Filed: Friday, 16th September 2011
By: Staff Writer
Jeremy Nicholas has recently released his latest book, Mr Moon Has Left The Stadium, which recounts his first decade as West Ham United's public announcer. We managed to get Jem to take a few moments out of his busy promotional schedule in order to answer a few questions...
KUMB: Jem - thanks for taking the time out to talk to us. This is the age of social-networking; please describe MMHLTS in a Twitter-friendly 140 characters or less?
JN: Itís a funny football book with lots of stories from behind the scenes during my first eleven seasons as West Ham announcer.
KUMB: In your book, you refer to your (brief) time as a stand-up comic; do you think you will ever give it another try?
JN: Yes, in the book thereís a chapter about my six months as a stand up on the London circuit. I love telling funny stories and prefer doing the after dinner speaking nowadays. However I have done some stand up in the last couple of years and Iíve plans to do some more in the future.
KUMB: You refer to the play-off semi-final against Ipswich as 'the best atmosphere I've ever experienced' in MMHLTS; has there ever been a time when it's been so bad you've wondered why you bothered?
JN: I loved the Ipswich play-off, but I think the atmosphere is still pretty good. Not as good as in the old days of standing, but compared to other grounds weíre still noisy.
KUMB: The book is scathing of one or two individuals; was there anything you wanted to publish but weren't allowed to? Either for fear of legal reprisals or being admonished by your employers?
JN: I didnít want to say anything that would reflect badly on the club as Iím not only a supporter, but an employee. However thereís a few people who do get a bit of stick in the book for obvious reasons; Scott Duxbury for sacking me, Glenn Roeder for relegating such a brilliant squad and Nigel Reo Coker for sulking.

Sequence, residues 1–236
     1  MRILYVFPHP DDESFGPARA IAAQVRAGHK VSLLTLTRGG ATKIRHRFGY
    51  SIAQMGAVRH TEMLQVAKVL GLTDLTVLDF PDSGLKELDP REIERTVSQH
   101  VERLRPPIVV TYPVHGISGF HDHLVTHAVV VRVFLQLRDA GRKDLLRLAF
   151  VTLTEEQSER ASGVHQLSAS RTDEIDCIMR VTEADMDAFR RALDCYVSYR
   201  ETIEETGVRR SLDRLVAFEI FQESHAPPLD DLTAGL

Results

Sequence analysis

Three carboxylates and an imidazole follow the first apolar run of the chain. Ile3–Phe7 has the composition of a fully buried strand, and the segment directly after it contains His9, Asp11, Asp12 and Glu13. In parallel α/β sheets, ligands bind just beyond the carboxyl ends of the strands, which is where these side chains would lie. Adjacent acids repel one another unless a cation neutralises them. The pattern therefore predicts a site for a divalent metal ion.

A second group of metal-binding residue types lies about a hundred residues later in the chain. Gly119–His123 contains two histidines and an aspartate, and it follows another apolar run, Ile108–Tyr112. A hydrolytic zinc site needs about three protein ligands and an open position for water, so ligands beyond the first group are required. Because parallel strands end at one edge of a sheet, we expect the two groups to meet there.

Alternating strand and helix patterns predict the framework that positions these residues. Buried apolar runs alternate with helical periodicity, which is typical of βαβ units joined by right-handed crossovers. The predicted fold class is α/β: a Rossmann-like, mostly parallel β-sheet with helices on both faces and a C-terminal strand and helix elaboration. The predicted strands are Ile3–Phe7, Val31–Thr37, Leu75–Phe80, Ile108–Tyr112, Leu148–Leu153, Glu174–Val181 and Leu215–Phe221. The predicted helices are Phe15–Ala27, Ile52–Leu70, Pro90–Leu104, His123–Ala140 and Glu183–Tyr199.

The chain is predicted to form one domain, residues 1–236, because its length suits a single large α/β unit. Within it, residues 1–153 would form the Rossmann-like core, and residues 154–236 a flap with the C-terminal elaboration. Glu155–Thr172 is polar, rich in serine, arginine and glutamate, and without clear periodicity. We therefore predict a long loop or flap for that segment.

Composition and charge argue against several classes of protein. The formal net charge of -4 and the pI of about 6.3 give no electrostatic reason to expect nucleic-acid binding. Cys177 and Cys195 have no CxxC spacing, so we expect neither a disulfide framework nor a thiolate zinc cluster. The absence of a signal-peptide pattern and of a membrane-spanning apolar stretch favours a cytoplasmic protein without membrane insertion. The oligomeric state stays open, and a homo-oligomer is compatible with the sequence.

KUMB: You describe your relationship with our former CEO [Duxbury] as strained, at best; do you ever afford yourself a little smile at the fact that you are still here whilst he got the boot?
JN: When Scott brought me back after five months in the wilderness he told me I had a job for life. So in that sense it was a shame that heís now gone. I wouldnít ever smile at someone losing their job but Iím much happier under the current owners.
KUMB: We were both present the night Brian Glanville branded Alan Curbishley 'pathetic', which you recount in the book - what's the most unprofessional act you've witnessed since becoming the club's announcer?
JN: Curbs is one of my favourite managers but it was a bit daft to take on the press like that. I think Benni Big Mac not being able to get down to his fighting weight was ridiculous. How lacking in motivation do you have to be not to be able to slim down for a World Cup the one time itís held in your own country?
When Benni described Karren Brady as Ďthe devil with titsí, I loved her reply that she was meant to have them and he wasnít!
KUMB: You talk about how you used to take a fair bit of stick from the Boleyn crowd. Do you think that supporters' attitudes towards you have changed or mellowed over the years?
JN: I got a lot of stick in early on in my career, but after I was sacked they tried three different announcers with mixed success. After years of dreading reading the message boards, I was suddenly getting positive comments and Iíll always be grateful to posters on KUMB who called for my return. I think people have realised Iím not that bad as announcers go.
KUMB: You've state how you finally got a full-time place in the dugout upon your return to the club in 2009. What's the funniest thing you've heard whilst sitting 'on the bench'?
JN: Yes, Iíve sat in the dugout since the days of Alan Pardew. Itís the one thing Iíll always be grateful to him for. Oh and promotion! Thanks Pards. As for the funniest thing, I remember someone behind me shouting Ďhit him Alaní during Pards' squaring-up with Arsene Wenger incident. It made me laugh for ages, especially as Pards looked scared stiff of Arsene, whoís quite an intimidating presence close-up.